A fourth way to give an illusion of objects in space is to alter color. This is part of a practice in what is called atmospheric perspective, which is a little different from linear perspective, which is what I referred to in previous paragraphs. You’ve likely witnessed atmospheric perspective any time you viewed the outdoors on a foggy morning or a hazy afternoon. It’s more pronounced and noticeable at times like that. A color’s intensity, or saturation, will appear in the distance to fade toward a grayer form of that color. It also might shift to a cooler color (or toward the blue family) from what it appears up close. Now, you know that objects don’t just change color in and of themselves. A red ball is a red ball even in the dark. That’s what is referred to as local color. But if you shine a strong yellow light on the left side of that ball and a strong blue light on the right side, you will see what is called relative color. The left side of the ball will be somewhere in the orange family, depending on how bright that yellow light is, because red and yellow make orange – and on the right side of the ball, the ball’s local color of red will be affected by the blue light and they will mix to create a relative color of purple in this example, because red and blue make purple. You see, many things can “change” the look of colors, and atmospheric perspective is one of those things.

Think about photos you’ve seen with mountains in the background – they look bluish or purplish but not very intense blue or purple – yet when you get actually on a mountain, it’s never those colors – it’s browns and greens and reds and yellows – when you’re far away from them, the color change is due to the light and the stuff in the atmosphere reflecting the blue sky between you and it (and clouding your vision, like in the cases of fog, rain, snow, sleet or hail, smoke, and even pollution or swarms of insects). Lastly, it may get lighter in tint; in other words, go toward white – in daylight. The trio of blue squares at bottom left shows such a color relation. The brighter, darker blue is closest, and the grayer, lighter blue is furthest away. Also notice that because cool colors (blue, green, purple) seem to recede or “go back” in space, this means that warm colors (red, orange, yellow) try to advance “forward” in space as well. Look at the red circle and the lavender one. It’s hard to decide which one is closer, isn’t it? That’s because the red is positioned higher (or, as our minds see, “back”), but it’s warm and wants to advance “forward” – and the cool color lavender looks closer because of its positioning, but further because of its coolness. This creates a push-pull conflict and a tension in the viewer. If you are trying to create tension – to get attention to a particular political message you’re trying to portray for example – using color and space to confuse the mind of the viewer on purpose and make them uncomfortable is one of many ways to convey that sort of feeling in a work, giving it stronger impact, if that’s appropriate to your subject and goal for that work. Of course, if you were trying to create a feeling of peace, then this is not a trick you would use!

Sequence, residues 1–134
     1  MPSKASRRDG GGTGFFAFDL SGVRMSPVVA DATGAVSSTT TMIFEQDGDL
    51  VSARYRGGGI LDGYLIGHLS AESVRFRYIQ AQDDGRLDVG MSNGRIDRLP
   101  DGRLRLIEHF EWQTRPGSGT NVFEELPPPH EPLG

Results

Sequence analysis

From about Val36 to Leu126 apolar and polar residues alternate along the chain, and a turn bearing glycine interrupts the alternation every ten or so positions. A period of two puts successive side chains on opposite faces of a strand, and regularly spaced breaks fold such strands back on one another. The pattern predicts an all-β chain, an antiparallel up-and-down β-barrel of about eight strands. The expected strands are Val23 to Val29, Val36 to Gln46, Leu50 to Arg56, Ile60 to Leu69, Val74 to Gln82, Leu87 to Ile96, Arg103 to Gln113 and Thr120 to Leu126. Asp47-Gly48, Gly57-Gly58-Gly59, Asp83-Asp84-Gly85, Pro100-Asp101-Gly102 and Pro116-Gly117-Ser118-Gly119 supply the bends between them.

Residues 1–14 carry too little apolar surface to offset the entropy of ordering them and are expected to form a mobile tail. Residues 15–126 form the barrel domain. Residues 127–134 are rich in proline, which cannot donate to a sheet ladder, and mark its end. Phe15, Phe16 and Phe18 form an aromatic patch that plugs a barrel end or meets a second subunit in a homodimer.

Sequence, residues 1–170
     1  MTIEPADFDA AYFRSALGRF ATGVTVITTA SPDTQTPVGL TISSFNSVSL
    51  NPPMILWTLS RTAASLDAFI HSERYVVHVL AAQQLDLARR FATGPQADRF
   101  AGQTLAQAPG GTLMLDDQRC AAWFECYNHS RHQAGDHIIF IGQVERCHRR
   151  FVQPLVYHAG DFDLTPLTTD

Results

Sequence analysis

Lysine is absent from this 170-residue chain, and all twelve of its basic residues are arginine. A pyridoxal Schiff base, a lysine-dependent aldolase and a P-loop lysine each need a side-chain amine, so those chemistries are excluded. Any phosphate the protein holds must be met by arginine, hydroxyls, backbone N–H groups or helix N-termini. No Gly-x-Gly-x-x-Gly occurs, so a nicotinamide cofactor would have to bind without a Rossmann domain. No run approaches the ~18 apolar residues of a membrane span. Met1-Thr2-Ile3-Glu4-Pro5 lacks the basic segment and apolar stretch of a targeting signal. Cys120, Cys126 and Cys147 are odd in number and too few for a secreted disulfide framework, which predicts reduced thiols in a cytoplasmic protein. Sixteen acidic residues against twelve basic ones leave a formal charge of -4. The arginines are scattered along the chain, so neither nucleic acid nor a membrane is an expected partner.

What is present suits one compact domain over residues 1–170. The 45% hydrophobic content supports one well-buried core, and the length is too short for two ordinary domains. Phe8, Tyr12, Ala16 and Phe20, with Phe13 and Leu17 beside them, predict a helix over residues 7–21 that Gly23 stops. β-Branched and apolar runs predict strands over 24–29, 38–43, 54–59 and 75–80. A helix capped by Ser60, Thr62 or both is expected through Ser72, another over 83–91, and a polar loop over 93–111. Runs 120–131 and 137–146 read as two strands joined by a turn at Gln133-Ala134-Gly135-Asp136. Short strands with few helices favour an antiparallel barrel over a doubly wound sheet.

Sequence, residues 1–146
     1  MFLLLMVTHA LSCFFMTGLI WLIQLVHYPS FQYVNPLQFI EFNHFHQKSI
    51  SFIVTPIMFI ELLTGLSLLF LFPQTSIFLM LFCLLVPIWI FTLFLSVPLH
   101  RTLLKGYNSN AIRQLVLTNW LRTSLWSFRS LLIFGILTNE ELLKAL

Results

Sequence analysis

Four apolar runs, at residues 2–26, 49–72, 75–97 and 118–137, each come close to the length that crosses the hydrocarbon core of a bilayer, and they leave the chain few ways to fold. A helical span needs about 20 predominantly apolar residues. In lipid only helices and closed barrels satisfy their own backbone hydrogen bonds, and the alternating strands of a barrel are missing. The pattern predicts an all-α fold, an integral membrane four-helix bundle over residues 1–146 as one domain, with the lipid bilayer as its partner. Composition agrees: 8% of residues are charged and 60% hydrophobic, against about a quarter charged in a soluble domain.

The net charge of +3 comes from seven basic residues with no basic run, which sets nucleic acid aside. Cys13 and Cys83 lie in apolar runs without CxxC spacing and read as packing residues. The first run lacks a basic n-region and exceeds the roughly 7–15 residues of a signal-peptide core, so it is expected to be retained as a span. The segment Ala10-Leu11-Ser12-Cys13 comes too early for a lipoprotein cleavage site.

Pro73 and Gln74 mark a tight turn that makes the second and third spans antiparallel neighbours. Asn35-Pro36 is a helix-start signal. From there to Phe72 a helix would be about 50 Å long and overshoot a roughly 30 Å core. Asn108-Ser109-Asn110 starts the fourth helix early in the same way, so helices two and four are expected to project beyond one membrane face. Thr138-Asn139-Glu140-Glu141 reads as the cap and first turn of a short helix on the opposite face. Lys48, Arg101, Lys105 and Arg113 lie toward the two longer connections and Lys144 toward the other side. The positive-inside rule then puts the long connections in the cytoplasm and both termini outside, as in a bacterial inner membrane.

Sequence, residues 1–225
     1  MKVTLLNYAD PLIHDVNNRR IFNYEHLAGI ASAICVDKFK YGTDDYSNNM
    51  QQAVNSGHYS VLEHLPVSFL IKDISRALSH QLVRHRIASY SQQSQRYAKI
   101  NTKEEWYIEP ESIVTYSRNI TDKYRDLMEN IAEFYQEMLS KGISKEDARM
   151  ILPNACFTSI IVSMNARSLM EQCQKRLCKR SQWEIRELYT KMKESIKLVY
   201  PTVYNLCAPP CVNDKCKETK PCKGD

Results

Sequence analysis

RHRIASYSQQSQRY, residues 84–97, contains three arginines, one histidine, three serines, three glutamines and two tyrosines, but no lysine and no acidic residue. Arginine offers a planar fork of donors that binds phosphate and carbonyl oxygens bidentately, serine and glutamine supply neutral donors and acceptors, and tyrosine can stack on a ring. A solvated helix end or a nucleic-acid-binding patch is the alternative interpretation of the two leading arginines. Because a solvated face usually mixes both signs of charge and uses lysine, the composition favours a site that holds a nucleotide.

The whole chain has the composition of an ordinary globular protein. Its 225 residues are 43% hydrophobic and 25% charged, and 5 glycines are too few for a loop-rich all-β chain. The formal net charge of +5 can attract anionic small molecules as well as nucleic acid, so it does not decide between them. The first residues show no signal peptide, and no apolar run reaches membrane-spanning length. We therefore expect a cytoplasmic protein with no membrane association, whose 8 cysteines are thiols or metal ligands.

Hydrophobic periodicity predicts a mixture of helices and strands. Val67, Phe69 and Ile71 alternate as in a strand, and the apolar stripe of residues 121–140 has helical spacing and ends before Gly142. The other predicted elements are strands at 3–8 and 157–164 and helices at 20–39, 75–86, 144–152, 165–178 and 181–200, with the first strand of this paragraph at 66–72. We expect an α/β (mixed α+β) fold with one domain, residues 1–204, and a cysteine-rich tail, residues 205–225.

Note also that you can combine these different aspects of suggesting space. The blue-green circles at right center employ both size and positioning. The trio of blue squares bottom left utilizes size, positioning, color relation, and overlapping. The two green circles at top center combine overlapping and color relation (lighter colors advance beyond darker ones) – so do the orange and yellow circles – but notice that with that pair, there is a purposeful contradiction of a rule – the positioning is denied by the overlapping: the yellow circle is positioned higher on the page which normally makes us think it’s further away – but, the yellow circle overlaps the orange one, which tells us that it is definitely the closer one. This is where our brains step in once again and reason that the yellow circle must be “floating” above the surface that the orange circle rests on (this could be further proven in a lighter background using shadows). This is another way to manipulate the mind of the viewer, if that’s what you want to do – some artists make that a goal: Surrealists play both with and against perspective and placement, along with many other things, challenging our concepts of reality, making us think and engage more with the art piece long enough to start to analyze its symbolic meaning – it makes the art more interactive and interesting.